Multidisciplinary Perspectives on the Management of Plaque Psoriasis - Episode 8

Treatment of Psoriatic Arthritis With Nonbiologic Agents

Transcript:

Mark Lebwohl, MD: Let’s go on next to the new nonbiologic agent, apremilast. It appears to be quite safe. It’s a phosphodiesterase inhibitor and requires 0 blood monitoring. How often do you use it in psoriatic arthritis?

Philip J. Mease, MD: We use it in a couple of circumstances. One is for the patient who has been already on a drug like methotrexate, who is not doing well because of either effects or lack of efficacy. They’re not quite ready to move on to an injected or infused biologic medication. They’re a little nervous about adverse effects, and they love the safety profile of apremilast when they hear it.

Safety is a little different from tolerability, so there are, as you alluded to earlier, problems with potential earlier on as we use the drug: nausea, diarrhea, headache. I find that oftentimes, those symptoms go away over the first month or so, and after that, the patient is clear sailing. Then we look forward to seeing if it’s efficacious. If it is, then we don’t lose any sleep. It’s a very safe medicine, and there are 0 issues with malignancy signals and infection signals. You don’t have to do lab monitoring, so it’s a very clean drug in that regard. If it’s helpful for their arthritis and their psoriasis, then we use it in that context.

The other context is a person who has some major comorbidity that would represent a risk in taking 1 or another biologic or other targeted synthetic disease-modifying antirheumatic drugs. An example of that would be a patient who has some kind of chronic infection issue in their background, like chronic sinusitis, for example. This would be a good choice for them or for some other comorbidity, where we want a drug that has a very clean mechanism of action. Then there are occasions where the drug may be used in combination with other drugs to provide some additional benefit.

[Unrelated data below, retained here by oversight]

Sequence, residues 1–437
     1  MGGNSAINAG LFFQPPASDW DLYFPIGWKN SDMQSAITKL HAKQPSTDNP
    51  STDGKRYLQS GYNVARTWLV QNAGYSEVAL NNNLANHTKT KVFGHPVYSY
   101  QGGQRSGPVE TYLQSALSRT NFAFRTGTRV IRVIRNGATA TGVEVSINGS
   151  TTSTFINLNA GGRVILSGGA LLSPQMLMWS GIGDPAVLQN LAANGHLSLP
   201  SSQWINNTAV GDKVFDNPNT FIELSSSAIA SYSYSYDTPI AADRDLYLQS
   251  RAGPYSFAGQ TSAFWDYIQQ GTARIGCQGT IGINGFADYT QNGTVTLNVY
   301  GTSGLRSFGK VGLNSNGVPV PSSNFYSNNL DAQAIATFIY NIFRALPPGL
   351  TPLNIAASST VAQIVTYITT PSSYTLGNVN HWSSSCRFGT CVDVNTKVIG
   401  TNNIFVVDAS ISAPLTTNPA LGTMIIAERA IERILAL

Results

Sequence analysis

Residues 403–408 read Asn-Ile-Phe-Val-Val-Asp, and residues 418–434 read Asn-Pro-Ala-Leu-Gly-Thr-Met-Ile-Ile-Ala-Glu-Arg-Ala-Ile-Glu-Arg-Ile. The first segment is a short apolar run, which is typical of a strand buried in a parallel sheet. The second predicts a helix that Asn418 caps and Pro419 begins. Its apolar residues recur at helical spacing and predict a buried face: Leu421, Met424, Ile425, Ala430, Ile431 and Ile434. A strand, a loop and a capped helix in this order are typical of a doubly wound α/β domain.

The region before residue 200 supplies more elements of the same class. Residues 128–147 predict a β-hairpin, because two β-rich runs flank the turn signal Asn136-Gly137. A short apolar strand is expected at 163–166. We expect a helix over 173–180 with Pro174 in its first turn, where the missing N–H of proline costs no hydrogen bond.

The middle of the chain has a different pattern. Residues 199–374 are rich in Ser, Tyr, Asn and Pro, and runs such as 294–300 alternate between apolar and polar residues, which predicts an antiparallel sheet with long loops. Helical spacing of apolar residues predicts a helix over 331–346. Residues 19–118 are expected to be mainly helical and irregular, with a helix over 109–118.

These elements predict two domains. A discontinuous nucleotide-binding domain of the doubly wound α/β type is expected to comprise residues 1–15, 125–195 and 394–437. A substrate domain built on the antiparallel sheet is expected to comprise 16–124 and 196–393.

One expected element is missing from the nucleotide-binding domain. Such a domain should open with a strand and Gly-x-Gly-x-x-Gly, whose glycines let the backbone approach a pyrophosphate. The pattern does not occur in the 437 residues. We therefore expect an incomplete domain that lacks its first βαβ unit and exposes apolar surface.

Mark Lebwohl, MD: We have almost identical remarks. We look at patients who don’t want injections, and that’s where we use it. We do use it before methotrexate. I’d say methotrexate is waning now that we have these safer drugs. The other area where I know you use it, and we do as well, is in combination for selected patients because of its safety. In combination, I get nervous about combining immunosuppressives, and I view apremilast as hardly being immunosuppressive. In fact, I don’t view it as being immunosuppressive at all.

Many years ago, when the TNF [tumor necrosis factor] blockers were primarily being used, I had a group of medical students do a review of every single case report of a malignancy or an opportunistic infection reported with biologics, and in two-thirds of the cases, it was because of combination therapy. It was usually methotrexate, steroids, or 6MP [6-mercaptopurine], so I don’t like using methotrexate with a biologic for that reason. I don’t lose any sleep over apremilast, so I actually use it in combination therapy, and more insurers are allowing it.

They are particularly allowing it if the dermatologist prescribes a biologic, the rheumatologist prescribes apremilast, or vice versa. We can get away with it, and it seems to work well. We have actually quite a few patients on combination therapy, and you probably do as well.

Transcript Edited for Clarity